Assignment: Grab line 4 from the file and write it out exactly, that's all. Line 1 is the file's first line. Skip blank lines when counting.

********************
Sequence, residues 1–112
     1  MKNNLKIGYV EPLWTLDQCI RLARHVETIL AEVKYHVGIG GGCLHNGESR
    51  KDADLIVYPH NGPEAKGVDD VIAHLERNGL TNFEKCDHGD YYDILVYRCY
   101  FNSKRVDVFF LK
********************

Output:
   101  FNSKRVDVFF LK